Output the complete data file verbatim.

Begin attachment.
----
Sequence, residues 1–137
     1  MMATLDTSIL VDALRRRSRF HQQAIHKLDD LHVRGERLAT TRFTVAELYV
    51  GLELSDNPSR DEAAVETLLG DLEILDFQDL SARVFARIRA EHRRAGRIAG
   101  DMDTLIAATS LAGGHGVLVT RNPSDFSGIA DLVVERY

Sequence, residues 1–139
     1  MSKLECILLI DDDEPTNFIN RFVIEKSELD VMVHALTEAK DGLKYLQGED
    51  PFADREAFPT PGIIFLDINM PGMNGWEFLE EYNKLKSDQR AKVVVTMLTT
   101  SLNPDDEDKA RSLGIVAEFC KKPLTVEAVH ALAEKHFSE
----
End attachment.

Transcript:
Sequence, residues 1–137
     1  MMATLDTSIL VDALRRRSRF HQQAIHKLDD LHVRGERLAT TRFTVAELYV
    51  GLELSDNPSR DEAAVETLLG DLEILDFQDL SARVFARIRA EHRRAGRIAG
   101  DMDTLIAATS LAGGHGVLVT RNPSDFSGIA DLVVERY

Sequence, residues 1–139
     1  MSKLECILLI DDDEPTNFIN RFVIEKSELD VMVHALTEAK DGLKYLQGED
    51  PFADREAFPT PGIIFLDINM PGMNGWEFLE EYNKLKSDQR AKVVVTMLTT
   101  SLNPDDEDKA RSLGIVAEFC KKPLTVEAVH ALAEKHFSE